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Terror on the F Train
“Some men are born great, some achieve greatness,
and some have greatness thrust upon them.”
Sam struggled to keep his emotions in check that morning. He managed to get through the sting of tears, clinging hugs and kisses with the family on the porch including frigid moments with his wife, Wendy. His cheeks were suddenly wet as he glanced at the house through the cab’s rear window. His mother waved stoically from her upstairs window, tears streaming down her dark, weathered face. Wendy was sitting on the top step of the porch, head in her hands, their son and daughter sitting close and holding their mother. Wendy had been tearing-up for a week with intermittent periods of anger and defiance. Neither could sleep as they lay close to each other in silence during Sam’s last nights at home. He vowed to grab some sleep on the flight.
“Damn it Sam,” Wendy had said, her brown eyes flattening her husband’s face. “Haven’t you done enough? Haven’t you suffered enough?” At breakfast she had confessed to being disgusted with her husband, the government and even God.
“It’s for the best,” Sam said, studying his bowl of oats. “Trust me.”
“Not this time,” Wendy said. “The idiots running the CIA are taking advantage of your compromised condition. You beat the stupid disease before and you can do it again and besides, the mission is insane. If you don’t come back how am I supposed to afford to keep this house and raise Austin and Rayen? Have you thought of that?”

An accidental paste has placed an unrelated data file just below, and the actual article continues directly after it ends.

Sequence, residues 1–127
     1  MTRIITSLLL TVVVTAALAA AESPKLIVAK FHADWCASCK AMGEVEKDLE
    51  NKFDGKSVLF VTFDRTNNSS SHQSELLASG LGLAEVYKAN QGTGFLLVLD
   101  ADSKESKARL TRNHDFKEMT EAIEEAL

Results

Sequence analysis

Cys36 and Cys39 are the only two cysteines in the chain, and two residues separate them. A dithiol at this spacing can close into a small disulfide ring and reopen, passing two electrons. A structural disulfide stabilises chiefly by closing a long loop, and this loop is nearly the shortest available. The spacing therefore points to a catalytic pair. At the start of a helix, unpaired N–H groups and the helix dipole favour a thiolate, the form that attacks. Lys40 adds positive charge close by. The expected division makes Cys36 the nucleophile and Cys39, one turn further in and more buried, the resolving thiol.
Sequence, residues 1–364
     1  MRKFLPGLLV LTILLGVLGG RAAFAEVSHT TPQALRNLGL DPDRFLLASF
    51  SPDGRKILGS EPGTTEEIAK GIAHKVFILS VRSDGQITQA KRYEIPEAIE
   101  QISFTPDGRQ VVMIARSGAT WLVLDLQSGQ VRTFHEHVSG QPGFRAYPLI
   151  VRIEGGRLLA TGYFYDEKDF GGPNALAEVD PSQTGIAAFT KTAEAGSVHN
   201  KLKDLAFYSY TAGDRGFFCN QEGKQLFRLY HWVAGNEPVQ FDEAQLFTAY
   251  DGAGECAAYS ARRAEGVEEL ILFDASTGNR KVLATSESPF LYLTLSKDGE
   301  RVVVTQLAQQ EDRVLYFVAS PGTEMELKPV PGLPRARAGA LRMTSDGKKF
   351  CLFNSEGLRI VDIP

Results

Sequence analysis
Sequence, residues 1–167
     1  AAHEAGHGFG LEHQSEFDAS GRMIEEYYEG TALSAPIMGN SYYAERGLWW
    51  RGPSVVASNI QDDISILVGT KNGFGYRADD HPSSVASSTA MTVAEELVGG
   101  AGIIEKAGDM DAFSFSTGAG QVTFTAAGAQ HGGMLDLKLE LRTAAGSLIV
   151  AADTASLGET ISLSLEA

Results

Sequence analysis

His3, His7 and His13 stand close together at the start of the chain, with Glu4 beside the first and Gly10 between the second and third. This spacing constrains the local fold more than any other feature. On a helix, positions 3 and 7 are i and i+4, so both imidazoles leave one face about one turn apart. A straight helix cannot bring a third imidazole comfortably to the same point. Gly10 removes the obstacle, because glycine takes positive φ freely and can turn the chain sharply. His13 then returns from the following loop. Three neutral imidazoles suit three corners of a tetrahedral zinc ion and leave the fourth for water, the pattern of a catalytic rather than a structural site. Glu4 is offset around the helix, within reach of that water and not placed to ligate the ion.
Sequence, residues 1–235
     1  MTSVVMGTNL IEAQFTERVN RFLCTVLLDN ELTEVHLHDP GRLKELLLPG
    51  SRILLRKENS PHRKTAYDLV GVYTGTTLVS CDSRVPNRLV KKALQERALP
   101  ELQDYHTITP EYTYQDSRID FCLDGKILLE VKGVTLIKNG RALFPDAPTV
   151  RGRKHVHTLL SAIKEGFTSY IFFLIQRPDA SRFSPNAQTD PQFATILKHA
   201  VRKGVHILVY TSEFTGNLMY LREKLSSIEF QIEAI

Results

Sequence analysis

“Hon, my condition is different this time,” Sam said. “For one thing, my brother is dead and you know that’s part of the reason I have to go. As to the finances, just trust me and know you will be okay.”
Sam had confirmed that half of the money in his contract had been deposited in their savings account. Wendy wouldn’t know this until the monthly statement came from the bank.
“All I know is your papa, if he were alive, might be gung-ho over this mission but your momma has more sense,” Wendy said. Sam had been up to his momma, Winona’s room after breakfast to say goodbye. She hugged him hard and told Sam she preferred to cry alone in her room on his parting day.
“Sammy, shake your head and get it right,” Winona had said. “You need to lead this tribe, not run off to solve somebody else’s problems.”
To Sam, his papa’s final actions rang truer. As a black man trying to survive in a white world, his father, Sawyer, provided a better place for his family for years by staying under the radar. But in the end, when the world turned on him, Sawyer stood up and took his own kind of revenge. Growing up, Sam had also worked at getting along and staying out of trouble at all costs. His attitude had changed on his way to becoming a man.
The timing for Sam’s exit from the family was due to a dramatic change in his chances for a long life, a reoccurrence of the cancer he had been fighting for six years. In his fading days, Sam’s goal at home had been to leave in one piece, not as a shadow of a man convulsing and gasping for each labored breath. Not as a husband and father who didn’t remember any of their names. Not as an invalid who couldn’t even wipe his own ass.